Below are other significant recent, articles on legal reform and related political, security and media factors. The articles, including a strong representation from independent blogs and other media, contain a sample of news. See the full article by visiting the home page, and visiting News Reports.

June 19

Rob KallOpEd News, Obama's John Yoo Moment -- Cherry Picking Lawyers to Break a Major Law, Rob Kall, June 19, 2011. Bush and Cheney searched around until they found an attorney who would vet torture. Now we have the news that Obama did the same thing to start an illegal war in Libya. The thin veils are dropping away. The smoke is clearing. The chimera of democracy is eroding. There is a bi-partisan effort to challenge Obama. Too bad the Republicans aren't impeaching him for his violation of the war powers act. Lawyers can't just say it's okay and that makes it okay. I say impeach Obama. Force a primary or get him off the ballot altogether. My choice for the Democratic candidate -- Elizabeth Warren.

OpEd News, Supreme Scumball -- Clarence Thomas -- More Ethical Issues Emerge, Rob Kall, June 19, 2011. The NY Times reports another example of what has become a cascade of reports of Clarence Thomas' unethical behaviors. Real Estate Magnate Harlan Crow has done a lot of expensive kindnesses for Thomas. Crow gave Justice Thomas a $15,000 bust of Lincoln, gave Thomas wife Virginia $500,000 to help her start a Tea-party group that has opposed Obamas health care program and Crow  helped finance a Savannah library project dedicated to Thomas. And there's more.  It's time the media put pressure on whatever powers Obama in the White House, the majority Dems in the senate and Eric Holder in the DOJ can exert to investigate Thomas and his unethical pattern of operating.

June 18

Ralp NaderOpEd News, Waging Another Unconstitutional War, Ralph Nader, June 18, 2011. In 2007, then-Senator Barack Obama stated that "the president does not have any power under the Constitution to unilaterally authorize a military attack in a situation that does not involve stopping an actual or imminent threat to the nation." You see, the widespread daily bombing of Libya, the strict naval blockade of Muammar Gadhafi-controlled Libya, the destruction of Gadhafi's family compound and tent encampment in the desert -- killing his son and three grandchildren -- and the deployment of special forces inside Libya is not a "War." It is, in the Obama White House's evasive nomenclature, just a "time-limited, scope-limited military action" Can you find that phrase in the Constitution? 

Desperately seeking legitimacy, Mr. Obama cites the UN resolution, NATO, and the Arab League instead of seeking it from Congress. [But] all treaties with foreign countries, including the UN Charter, are trumped by the US Constitution (Reid v. Covert, 354 U.S. 1 (1957)). As a former teacher of constitutional law, the president knows this basic principle but then, as Lord Acton declared: "Power corrupts and absolute power corrupts absolutely."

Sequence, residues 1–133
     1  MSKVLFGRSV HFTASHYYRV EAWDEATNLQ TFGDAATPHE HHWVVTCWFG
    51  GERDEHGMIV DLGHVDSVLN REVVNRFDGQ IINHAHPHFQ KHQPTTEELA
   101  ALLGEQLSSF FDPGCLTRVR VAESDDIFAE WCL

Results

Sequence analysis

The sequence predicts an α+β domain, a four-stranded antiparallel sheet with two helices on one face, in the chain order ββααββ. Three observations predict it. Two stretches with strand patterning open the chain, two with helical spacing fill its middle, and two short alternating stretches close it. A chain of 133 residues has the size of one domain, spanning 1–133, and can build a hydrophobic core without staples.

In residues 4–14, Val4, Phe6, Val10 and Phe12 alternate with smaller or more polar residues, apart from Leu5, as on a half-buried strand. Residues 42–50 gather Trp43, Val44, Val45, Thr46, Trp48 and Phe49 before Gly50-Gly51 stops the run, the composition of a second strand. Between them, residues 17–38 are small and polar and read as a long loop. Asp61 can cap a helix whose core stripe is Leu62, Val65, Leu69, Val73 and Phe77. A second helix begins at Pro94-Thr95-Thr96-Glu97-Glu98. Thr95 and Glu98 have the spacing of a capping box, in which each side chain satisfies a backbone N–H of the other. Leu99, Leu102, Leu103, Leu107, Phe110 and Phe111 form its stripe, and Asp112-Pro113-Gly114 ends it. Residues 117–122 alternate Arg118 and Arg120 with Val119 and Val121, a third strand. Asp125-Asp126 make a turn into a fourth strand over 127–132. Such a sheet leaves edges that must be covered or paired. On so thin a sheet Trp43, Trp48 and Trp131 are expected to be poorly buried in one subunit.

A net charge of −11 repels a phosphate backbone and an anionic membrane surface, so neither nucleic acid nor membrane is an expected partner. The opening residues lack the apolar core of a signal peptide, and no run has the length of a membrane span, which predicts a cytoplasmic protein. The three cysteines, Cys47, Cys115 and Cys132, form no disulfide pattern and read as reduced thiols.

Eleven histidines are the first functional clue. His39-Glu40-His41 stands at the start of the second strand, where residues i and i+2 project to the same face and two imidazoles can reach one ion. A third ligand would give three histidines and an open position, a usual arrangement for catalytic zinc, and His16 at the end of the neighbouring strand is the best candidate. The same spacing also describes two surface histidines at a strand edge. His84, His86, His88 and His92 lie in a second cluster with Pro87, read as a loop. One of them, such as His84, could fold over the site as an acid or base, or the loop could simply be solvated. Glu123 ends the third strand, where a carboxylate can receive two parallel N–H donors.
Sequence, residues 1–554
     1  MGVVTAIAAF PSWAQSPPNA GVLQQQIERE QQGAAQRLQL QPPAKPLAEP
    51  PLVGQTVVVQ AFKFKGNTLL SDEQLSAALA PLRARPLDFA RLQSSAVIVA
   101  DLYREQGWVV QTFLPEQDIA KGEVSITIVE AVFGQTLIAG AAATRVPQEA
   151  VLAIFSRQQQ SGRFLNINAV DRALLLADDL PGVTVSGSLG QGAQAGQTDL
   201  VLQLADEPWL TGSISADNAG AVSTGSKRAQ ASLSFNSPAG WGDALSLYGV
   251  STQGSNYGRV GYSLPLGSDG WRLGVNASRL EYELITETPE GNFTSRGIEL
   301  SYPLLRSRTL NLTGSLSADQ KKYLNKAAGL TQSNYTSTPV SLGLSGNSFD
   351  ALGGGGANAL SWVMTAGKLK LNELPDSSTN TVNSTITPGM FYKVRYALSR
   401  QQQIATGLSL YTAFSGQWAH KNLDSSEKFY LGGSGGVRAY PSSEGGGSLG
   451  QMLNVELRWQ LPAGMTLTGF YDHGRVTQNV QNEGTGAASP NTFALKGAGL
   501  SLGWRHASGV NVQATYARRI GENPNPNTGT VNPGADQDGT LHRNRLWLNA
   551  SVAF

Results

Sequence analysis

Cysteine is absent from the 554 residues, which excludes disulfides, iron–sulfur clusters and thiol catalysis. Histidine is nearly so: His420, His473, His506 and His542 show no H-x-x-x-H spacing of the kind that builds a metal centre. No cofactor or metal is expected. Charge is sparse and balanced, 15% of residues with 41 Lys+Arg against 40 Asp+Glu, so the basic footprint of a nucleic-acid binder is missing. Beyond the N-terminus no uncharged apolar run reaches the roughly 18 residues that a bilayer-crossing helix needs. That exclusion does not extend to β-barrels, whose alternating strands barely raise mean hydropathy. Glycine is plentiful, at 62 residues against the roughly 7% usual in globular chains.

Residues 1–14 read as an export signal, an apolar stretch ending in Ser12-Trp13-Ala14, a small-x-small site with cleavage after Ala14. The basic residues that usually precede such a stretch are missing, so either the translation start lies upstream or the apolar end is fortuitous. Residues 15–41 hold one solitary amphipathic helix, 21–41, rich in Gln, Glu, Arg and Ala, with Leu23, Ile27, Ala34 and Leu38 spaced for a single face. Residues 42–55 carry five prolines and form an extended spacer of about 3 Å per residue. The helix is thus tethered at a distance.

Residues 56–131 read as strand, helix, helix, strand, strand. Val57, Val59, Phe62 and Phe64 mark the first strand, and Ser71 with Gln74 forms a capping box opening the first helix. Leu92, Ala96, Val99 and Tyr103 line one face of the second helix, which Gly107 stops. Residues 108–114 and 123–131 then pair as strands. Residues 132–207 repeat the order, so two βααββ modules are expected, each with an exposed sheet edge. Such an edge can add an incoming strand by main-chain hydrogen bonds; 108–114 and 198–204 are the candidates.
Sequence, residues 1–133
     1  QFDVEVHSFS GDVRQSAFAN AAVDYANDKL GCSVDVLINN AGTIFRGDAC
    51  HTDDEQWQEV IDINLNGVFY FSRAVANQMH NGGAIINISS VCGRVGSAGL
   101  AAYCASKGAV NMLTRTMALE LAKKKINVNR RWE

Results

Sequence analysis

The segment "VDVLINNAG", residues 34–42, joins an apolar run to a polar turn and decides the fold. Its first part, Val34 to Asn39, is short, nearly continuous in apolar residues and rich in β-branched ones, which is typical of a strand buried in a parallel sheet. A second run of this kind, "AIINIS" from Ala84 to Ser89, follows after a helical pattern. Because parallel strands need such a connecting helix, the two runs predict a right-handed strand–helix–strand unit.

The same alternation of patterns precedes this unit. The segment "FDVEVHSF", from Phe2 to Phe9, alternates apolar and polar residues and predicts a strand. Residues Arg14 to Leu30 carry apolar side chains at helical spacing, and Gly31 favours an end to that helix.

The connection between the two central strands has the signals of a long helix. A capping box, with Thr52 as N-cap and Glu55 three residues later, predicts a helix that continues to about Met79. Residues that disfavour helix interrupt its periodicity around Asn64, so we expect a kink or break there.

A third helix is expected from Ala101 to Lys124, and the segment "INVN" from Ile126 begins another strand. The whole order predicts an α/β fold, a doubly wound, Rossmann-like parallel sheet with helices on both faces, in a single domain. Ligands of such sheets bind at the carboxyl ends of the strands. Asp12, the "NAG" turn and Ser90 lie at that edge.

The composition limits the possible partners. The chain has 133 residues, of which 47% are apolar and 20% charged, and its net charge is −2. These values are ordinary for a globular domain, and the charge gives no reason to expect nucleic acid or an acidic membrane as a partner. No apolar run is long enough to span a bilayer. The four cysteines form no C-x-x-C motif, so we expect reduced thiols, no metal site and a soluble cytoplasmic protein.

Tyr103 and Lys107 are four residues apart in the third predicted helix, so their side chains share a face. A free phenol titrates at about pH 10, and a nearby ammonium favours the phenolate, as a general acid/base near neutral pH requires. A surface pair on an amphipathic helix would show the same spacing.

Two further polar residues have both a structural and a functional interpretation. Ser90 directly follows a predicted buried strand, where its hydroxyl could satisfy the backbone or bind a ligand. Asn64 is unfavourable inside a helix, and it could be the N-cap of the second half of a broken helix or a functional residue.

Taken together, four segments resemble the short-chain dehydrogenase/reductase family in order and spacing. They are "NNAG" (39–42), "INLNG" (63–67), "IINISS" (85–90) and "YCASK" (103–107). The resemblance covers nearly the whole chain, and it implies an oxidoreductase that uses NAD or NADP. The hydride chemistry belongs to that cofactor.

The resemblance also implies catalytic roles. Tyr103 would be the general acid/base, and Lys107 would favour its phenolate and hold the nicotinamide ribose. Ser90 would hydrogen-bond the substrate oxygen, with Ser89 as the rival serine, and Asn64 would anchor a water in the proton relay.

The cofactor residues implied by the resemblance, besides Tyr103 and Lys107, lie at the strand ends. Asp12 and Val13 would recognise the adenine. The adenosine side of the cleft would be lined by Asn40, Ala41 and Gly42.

Salon / Unclaimed Territory, Obama rejects top lawyers' legal views on Libya, Glenn Greenwald, June 18, 2011. The growing controversy over President Obama's illegal waging of war in Libya got much bigger last night with Charlie Savage's New York Times scoop.

FireDogLake, Obama Ignored Advice of Top Legal Advisors, OLC in Waging War in Libya, David Dayen, June 18, 2011. During the Bush Administration, mid-level functionaries would be found to write legal justifications for waging war, committing acts of torture, or what have you. Now, during the Obama Administration, the top lawyers are free to give their considered opinion on these issues. But the President will simply overrule them.

June 17

Washington Post, Libya and the Potemkin Alliance, George Will, June 17, 2011. After America’s intervention in Libya’s civil war, the most protracted and least surreptitious assassination attempt in history, was supposed to last “days, not weeks,” but is in its fourth month and has revealed NATO to be an increasingly fictitious military organization. Although this war has no discernible connection with U.S. national security, it serves the national interest, in three ways. It is awakening some legislators to their responsibilities. It is refuting the pretense that the United Nations sets meaningful parameters to wars it authorizes — or endorses, which is quite different. And it is igniting a reassessment of NATO, a Potemkin alliance whose primary use these days is perverse: It provides a patina of multilateralism to U.S. military interventions on which Europe is essentially a free rider.